Neuropathy After Coronary Artery Bypass Surgery
Swenson JD, Bull DA,
Postoperative Ulnar Neuropathy Associated with Prolonged Ischemia in the Upper Extremity During Coronary Artery Bypass Surgery
Anesth Analg 85: 1275-1277, 1997
AS many as 37% of cardiac surgery patients experience an injury to the ulnar nerve. A case of ulnar neuropathy, after a period [3.5 hours approximately] of decreased arterial blood pressure in the right arm is reported.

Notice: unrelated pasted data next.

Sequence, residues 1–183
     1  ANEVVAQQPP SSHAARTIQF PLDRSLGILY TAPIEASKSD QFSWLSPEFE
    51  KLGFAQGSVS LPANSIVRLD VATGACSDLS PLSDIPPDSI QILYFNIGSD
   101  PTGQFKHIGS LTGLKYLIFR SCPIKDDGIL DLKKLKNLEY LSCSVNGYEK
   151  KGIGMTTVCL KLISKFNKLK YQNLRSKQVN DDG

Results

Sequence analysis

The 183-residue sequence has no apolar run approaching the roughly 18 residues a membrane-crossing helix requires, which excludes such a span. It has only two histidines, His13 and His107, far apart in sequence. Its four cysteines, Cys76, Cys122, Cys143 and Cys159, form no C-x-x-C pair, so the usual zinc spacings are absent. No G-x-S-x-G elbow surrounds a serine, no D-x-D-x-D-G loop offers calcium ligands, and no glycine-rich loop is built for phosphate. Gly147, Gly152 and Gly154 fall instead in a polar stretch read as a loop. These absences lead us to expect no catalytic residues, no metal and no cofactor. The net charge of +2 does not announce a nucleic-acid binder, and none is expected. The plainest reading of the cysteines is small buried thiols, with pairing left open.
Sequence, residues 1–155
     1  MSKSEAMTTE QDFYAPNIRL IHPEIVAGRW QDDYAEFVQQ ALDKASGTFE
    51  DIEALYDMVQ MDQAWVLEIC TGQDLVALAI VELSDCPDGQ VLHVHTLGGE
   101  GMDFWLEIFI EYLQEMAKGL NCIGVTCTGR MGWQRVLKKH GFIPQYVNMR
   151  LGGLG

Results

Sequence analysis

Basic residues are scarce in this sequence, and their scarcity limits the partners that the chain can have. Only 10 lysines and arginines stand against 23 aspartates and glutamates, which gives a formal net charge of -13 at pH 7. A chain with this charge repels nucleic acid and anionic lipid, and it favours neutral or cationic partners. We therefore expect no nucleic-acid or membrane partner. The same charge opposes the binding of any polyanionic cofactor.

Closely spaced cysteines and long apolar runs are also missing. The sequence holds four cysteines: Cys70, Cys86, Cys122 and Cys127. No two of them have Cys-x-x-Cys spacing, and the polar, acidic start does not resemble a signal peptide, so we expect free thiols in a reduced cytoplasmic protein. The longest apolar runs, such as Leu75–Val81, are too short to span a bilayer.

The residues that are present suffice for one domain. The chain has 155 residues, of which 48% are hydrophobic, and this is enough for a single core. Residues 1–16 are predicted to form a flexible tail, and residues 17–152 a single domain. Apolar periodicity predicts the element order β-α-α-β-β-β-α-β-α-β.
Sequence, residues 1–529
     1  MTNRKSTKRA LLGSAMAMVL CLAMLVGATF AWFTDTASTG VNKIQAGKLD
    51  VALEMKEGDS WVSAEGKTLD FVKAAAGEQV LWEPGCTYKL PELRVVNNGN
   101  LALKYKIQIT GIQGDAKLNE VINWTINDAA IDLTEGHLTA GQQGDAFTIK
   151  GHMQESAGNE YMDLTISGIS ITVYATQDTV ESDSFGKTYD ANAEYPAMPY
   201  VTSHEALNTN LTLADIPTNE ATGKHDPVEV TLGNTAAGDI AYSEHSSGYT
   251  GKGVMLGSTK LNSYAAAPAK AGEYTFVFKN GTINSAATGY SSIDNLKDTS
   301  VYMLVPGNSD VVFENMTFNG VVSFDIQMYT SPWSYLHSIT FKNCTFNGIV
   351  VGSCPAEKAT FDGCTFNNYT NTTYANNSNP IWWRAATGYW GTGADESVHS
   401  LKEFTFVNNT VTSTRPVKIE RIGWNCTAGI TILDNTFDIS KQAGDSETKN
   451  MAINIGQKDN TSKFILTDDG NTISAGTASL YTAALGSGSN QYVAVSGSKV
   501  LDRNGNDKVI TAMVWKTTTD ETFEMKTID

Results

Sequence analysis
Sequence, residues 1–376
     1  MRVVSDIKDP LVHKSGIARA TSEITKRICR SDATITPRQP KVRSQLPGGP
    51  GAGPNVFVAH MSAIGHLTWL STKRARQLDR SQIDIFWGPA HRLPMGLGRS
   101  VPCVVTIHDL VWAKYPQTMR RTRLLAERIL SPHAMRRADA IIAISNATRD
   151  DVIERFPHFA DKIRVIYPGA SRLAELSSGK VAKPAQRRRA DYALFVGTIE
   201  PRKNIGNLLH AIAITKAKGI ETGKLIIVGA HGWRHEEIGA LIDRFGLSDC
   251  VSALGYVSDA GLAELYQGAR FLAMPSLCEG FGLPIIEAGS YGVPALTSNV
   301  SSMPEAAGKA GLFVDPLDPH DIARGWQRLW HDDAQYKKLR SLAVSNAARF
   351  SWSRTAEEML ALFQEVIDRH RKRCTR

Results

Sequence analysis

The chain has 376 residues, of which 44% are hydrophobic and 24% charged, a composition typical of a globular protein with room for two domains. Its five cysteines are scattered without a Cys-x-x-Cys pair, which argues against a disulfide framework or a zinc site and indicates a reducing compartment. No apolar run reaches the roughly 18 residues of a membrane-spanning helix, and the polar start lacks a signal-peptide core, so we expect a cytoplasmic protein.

Man, 63 years of age, having coronary artery bypass surgery, experienced severe right radial artery waveform dampening about 10 minutes into surgery. The left radial artery waveform was normal. The right radial artery catheter was suspected to have a fold at the hub of the catheter. Cardiopulmonary bypass was completed uneventfully, using the left radial artery catheter to monitor blood pressure; the right radial artery blood pressure remained low. On the first postoperative day, the patient complained of sensory loss in the right hand, with wrist flexion, finger adduction, and abduction weakness. After 3 months, the patients strength and sensory function returned to near normal; but he reported waking up frequently with numbness and weakness. His symptoms were reproduced in the left arm when brachial artery blood flow was occluded. Failure to ensure adequate arterial perfusion to the arms, increases the sensitivity of the ulnar nerve to ischemia.